ACIM Workbook Lesson for January 28

Lesson 28
Above all else I want to see things differently.

Today we are really giving specific application to the idea for yesterday. In these practice periods, you will be making a series of definite commitments. The question of whether you will keep them in the future is not our concern here. If you are willing at least to make them now, you have started on the way to keeping them. And we are still at the beginning.

You may wonder why it is important to say, for example, “Above all else I want to see this table differently.” In itself it is not important at all. Yet what is by itself? And what does “in itself” mean? You see a lot of separate things about you, which really means you are not seeing at all. You either see or not. When you have seen one thing differently, you will see all things differently. The light you will see in any one of them is the same light you will see in them all.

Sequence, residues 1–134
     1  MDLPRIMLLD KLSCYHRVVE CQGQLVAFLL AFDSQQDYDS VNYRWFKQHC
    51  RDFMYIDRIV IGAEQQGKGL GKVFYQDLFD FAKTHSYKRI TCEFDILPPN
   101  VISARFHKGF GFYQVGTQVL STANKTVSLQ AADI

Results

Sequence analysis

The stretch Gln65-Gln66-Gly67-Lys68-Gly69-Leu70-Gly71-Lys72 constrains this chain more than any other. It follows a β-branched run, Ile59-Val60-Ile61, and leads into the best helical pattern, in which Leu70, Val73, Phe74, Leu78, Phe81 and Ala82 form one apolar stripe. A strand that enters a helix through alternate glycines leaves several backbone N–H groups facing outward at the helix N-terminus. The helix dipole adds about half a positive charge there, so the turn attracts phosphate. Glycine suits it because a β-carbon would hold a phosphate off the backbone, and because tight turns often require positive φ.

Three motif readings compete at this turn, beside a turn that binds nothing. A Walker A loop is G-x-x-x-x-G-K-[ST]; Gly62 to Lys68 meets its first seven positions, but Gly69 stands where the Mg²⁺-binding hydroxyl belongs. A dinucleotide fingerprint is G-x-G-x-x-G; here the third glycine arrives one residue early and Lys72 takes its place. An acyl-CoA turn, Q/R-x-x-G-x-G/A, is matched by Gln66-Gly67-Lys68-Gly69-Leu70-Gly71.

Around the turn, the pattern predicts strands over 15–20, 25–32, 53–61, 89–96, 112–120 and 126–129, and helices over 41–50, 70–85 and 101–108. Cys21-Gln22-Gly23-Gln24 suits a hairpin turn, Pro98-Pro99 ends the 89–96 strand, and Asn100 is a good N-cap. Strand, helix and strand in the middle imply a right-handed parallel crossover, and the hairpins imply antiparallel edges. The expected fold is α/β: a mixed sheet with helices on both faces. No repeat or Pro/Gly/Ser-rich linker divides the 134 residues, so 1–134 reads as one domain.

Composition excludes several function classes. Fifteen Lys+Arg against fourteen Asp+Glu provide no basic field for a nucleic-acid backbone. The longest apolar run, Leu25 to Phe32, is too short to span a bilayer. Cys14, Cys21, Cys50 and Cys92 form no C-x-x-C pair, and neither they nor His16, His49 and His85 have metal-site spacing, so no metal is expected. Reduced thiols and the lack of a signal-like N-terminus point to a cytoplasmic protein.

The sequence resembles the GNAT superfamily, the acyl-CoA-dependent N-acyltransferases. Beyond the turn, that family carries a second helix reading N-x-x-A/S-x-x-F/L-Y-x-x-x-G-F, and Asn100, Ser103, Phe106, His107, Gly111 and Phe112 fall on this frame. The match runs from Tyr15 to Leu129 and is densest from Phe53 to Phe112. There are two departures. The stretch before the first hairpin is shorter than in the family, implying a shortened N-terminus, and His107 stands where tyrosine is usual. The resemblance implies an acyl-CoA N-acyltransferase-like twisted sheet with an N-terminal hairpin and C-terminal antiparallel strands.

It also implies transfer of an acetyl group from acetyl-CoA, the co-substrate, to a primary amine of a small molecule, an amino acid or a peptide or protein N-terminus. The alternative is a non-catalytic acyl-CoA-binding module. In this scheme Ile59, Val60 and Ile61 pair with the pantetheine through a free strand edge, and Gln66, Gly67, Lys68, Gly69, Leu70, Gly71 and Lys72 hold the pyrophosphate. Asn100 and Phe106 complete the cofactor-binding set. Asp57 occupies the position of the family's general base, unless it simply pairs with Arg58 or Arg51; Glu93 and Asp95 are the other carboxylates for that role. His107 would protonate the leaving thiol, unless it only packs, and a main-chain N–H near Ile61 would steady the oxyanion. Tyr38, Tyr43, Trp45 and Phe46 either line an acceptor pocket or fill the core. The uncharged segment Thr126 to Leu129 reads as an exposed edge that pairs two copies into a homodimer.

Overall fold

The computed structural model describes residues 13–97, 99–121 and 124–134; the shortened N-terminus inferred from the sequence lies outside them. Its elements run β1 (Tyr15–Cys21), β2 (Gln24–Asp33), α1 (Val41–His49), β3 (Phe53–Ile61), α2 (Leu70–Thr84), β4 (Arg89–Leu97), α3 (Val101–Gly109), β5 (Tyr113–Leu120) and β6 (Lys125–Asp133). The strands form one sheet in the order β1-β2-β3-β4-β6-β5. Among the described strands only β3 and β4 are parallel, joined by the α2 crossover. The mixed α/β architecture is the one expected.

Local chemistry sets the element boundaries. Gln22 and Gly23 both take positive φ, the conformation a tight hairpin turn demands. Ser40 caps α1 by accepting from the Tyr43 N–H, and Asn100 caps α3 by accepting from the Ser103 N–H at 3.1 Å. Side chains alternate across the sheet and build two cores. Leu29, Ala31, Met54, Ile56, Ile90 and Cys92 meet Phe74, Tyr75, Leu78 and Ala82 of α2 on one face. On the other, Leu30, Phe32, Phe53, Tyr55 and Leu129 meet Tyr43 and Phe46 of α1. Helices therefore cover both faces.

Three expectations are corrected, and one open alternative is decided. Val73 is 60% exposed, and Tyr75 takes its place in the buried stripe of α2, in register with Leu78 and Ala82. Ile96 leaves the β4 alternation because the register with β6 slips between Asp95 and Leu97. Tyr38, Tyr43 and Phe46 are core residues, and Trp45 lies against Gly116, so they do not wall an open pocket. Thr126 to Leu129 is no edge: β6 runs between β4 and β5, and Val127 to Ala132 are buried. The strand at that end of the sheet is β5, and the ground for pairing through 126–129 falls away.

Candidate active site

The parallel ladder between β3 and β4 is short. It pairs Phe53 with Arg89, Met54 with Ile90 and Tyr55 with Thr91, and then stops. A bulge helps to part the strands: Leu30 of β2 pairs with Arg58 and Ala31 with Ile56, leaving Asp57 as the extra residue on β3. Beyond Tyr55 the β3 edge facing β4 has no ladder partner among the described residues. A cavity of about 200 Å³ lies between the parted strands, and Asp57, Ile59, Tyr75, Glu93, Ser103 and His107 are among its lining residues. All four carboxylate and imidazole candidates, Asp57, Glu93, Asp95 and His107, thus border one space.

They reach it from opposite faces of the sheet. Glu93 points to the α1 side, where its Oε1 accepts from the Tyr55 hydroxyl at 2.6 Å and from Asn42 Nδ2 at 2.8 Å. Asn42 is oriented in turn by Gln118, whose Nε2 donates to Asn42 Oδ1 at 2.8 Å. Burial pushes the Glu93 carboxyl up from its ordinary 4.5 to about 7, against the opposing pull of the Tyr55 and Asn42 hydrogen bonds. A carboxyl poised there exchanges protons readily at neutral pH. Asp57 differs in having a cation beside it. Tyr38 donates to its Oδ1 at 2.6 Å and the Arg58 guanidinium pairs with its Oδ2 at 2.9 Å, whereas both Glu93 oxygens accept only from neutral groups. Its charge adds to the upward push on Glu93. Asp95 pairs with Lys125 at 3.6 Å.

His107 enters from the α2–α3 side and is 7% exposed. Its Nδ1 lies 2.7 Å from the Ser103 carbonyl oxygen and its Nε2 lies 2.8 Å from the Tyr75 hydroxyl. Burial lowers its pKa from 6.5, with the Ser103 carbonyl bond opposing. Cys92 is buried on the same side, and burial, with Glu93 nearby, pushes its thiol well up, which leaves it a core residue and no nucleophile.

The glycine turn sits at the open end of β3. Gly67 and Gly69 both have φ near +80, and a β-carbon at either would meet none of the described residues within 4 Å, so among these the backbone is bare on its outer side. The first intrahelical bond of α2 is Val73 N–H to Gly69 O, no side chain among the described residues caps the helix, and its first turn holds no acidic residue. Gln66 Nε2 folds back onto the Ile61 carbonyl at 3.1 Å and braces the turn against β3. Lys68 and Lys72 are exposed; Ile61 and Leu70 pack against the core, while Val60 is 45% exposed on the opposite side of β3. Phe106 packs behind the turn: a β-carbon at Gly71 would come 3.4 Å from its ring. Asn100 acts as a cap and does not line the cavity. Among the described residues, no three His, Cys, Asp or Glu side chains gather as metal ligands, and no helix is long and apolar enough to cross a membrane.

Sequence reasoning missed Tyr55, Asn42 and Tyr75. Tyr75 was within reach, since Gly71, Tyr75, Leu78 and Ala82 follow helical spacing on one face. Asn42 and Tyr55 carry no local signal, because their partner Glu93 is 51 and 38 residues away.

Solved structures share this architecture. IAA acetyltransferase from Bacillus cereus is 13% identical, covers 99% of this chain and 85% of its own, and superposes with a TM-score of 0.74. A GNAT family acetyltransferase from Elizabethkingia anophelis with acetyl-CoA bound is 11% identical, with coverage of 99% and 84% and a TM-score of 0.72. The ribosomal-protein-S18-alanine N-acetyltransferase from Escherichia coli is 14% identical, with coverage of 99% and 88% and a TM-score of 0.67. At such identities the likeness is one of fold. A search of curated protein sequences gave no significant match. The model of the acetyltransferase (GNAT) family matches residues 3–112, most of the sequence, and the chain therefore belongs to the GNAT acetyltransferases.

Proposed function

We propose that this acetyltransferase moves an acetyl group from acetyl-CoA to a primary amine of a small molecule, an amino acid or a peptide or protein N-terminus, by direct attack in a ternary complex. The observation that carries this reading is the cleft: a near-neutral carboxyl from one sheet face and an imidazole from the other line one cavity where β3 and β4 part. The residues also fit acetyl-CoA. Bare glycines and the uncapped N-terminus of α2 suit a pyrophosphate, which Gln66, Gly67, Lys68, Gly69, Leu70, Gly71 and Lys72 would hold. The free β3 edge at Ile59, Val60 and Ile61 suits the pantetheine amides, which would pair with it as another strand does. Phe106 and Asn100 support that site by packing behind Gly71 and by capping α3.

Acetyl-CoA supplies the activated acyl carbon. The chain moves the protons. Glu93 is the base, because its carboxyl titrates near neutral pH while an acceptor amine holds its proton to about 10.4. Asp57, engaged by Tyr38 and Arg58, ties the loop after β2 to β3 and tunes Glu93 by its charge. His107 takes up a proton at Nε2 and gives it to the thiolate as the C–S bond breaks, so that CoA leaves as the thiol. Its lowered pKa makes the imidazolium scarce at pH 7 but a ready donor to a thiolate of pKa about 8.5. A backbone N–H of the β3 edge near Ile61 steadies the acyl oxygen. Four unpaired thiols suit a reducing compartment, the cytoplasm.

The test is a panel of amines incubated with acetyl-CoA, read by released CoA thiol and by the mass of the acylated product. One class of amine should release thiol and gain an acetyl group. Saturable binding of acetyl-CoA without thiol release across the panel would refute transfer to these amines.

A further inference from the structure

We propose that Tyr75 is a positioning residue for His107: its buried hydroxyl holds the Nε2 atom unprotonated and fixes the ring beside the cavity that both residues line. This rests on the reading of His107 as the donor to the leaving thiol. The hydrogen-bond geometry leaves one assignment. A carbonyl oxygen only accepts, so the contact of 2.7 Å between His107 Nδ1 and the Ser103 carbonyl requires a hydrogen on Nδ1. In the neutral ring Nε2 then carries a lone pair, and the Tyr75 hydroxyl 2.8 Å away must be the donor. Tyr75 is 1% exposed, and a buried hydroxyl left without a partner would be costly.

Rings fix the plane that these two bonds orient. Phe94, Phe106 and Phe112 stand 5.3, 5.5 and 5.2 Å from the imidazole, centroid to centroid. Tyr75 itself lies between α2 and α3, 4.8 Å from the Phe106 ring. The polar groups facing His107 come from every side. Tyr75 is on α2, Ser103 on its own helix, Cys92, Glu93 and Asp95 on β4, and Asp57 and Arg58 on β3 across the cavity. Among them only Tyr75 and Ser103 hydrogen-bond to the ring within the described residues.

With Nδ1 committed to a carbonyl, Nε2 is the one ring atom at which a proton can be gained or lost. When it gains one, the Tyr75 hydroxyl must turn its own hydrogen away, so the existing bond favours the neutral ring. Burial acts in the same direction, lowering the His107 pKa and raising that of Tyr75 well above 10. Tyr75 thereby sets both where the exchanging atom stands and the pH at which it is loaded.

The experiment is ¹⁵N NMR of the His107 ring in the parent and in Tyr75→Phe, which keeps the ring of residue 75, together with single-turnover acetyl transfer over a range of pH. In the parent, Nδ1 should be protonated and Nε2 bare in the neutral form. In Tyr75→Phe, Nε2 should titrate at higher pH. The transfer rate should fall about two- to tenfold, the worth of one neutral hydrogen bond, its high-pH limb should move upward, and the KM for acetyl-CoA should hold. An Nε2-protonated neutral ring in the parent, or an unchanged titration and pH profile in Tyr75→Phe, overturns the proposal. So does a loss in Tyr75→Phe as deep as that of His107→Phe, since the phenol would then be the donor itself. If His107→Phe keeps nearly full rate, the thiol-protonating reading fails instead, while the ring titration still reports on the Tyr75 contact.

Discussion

When you say, “Above all else I want to see this table differently,” you are making a commitment to withdraw your preconceived ideas about the table, and open your mind to what it is, and what it is for. You are not defining it in past terms. You are asking what it is, rather than telling it what it is. You are not binding its meaning to your tiny experience of tables, nor are you limiting its purpose to your little personal thoughts.